|Monday, November 25
Updated: November 26, 5:05 PM ET
Epstein's promotion completes front-office overhaul
BOSTON -- It's no wonder the Boston Red Sox are so comfortable putting the team in the hands of 28-year-old Theo Epstein. After all, the New York Yankees won three World Series after they hired the youngest general manager in the major leagues.
The Red Sox made Epstein the youngest GM in big league history on Monday, giving the local boy wonder a promotion and hoping he can lead the team to its first World Series title since 1918.
''We're going to become a championship organization,'' he said at a news conference at Fenway Park, about a mile from where he was raised. ''We're going to win a World Series.''
Much has been made of Epstein's age -- the joke on talk radio is that he can be a San Francisco Giants bat boy when he grows up -- but the only difference between him and previous Boston GMs is the era in which the Red Sox first broke their hearts.
It's now 84 seasons since the Red Sox last won it all, a fact not lost on Epstein. He moved to the area at the age of 4½ in 1978 -- ''the Bucky Dent year,'' he noted, though no one around here really needs reminding.
''I was a Red Sox fan from Day 1,'' said Epstein, who is the 11th GM since the club's first was hired in 1933. ''Growing up in New England, you never lose the Red Sox from your blood. Being here, being general manager of this club, it just feels right.''
The Red Sox had been without a permanent general manager since Florida financier John W. Henry bought the team in spring training and fired Dan Duquette. Mike Port was the interim GM during the season and a candidate for the long-term job; he has been invited to remain as vice president of baseball operations but has not decided whether to accept.
Former Philadelphia Phillies general manager Lee Thomas, who had been a special assistant under Port, has also been asked to stay on, with expanded duties. Former Detroit Tigers GM Bill Lajoie could also be asked aboard as the Red Sox try to supplement Epstein's brains and exuberance with more experienced hands -- an organizational structure the Yankees used to ease Brian Cashman into the top job there.
''I definitely see a similarity,'' said Red Sox president Larry Lucchino, who has nurtured Epstein at three major league organizations. ''But it's not just a Yankees model, it's the kind of baseball braintrust they're using in Oakland and other places.''
Lucchino was running the show in Baltimore when Epstein came on as an intern, and he followed Lucchino to the San Diego Padres. Epstein spent two years in San Diego's media relations department, two as a baseball operations assistant and became the Padres' director of baseball operations after his graduation in 2000.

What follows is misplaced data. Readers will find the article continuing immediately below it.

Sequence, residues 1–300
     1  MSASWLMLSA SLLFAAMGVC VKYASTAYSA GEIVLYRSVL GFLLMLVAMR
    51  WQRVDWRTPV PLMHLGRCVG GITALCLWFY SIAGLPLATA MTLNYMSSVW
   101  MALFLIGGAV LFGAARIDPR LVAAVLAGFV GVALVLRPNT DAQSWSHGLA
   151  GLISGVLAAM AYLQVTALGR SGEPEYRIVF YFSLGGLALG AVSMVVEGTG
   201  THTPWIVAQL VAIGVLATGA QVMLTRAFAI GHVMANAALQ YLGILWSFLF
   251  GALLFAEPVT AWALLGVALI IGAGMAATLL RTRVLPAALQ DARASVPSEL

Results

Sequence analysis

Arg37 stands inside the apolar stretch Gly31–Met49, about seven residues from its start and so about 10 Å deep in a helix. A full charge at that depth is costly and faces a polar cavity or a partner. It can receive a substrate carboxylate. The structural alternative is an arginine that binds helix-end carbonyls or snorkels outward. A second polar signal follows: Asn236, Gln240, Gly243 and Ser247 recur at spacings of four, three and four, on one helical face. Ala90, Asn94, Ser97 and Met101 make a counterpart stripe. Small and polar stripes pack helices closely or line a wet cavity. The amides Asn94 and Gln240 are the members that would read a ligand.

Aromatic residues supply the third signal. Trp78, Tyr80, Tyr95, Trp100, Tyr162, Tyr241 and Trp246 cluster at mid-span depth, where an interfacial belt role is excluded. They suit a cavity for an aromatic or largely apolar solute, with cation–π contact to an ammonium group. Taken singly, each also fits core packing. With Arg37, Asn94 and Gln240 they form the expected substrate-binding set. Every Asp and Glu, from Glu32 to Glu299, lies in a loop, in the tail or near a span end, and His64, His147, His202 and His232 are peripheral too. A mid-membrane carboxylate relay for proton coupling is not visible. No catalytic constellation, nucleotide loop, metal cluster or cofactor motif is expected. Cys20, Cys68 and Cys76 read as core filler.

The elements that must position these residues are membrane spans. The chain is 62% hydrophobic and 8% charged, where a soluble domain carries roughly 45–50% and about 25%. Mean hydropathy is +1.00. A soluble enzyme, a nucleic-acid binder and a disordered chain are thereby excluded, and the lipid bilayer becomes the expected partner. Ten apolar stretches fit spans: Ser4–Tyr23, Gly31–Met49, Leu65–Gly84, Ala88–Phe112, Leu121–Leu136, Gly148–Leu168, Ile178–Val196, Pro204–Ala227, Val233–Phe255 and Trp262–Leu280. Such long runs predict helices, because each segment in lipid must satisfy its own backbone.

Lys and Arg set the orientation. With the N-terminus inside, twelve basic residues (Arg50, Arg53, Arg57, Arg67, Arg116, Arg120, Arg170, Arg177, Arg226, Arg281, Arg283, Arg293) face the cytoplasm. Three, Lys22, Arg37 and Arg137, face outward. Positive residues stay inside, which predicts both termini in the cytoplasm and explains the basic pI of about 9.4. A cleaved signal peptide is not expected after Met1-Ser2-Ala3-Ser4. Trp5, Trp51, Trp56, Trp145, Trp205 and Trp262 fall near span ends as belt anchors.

Still, his heart was with the Red Sox. And when the group headed by Henry and TV producer Tom Werner bought the team in February and put Lucchino in charge, Epstein came in as assistant GM.
He toiled at Port's side this year, representing the club at the general managers' meetings and even negotiating with Oakland over compensation when it appeared that Athletics GM Billy Beane would take the Boston job. Beane backed out, citing family reasons, and joined in the chorus of those recommending Epstein for the job.
Last week, without ever interviewing Epstein or even acknowledging he was being considered, Lucchino began to focus on the candidate right in front of him.
''We're aware that as a public relations matter there are safer choices. But Theo is someone who is ready for this job,'' Lucchino said. ''Theo is young, but he's older than he was when the process started.''
With that, Epstein became the newest of baseball's new breed. Epstein is 34 days shy of his 29th birthday; Randy Smith was 29, six days short of his 30th birthday, when he was hired by the San Diego Padres in 1993.
''Irrespective of his age, we are confident Theo is among the best and the brightest in baseball,'' Werner said. ''We believe that the team he'll assemble will achieve results for which we so yearn.''
Epstein takes over a team that had baseball's second-highest payroll last year, more than $110 million. The Red Sox finished second in the AL East at 93-69, 10½ games behind the New York Yankees and six games behind Anaheim for the AL wild card.
Epstein said he supports manager Grady Little but had less to say about the roster. Among the issues that will come up during his three-year contract are whether to re-sign shortstop Nomar Garciaparra and pitcher Pedro Martinez, who could become free agents after the 2004 season.
''I grew up second-guessing Red Sox general managers,'' Epstein said. ''I guess now I'll be second-guessing myself.''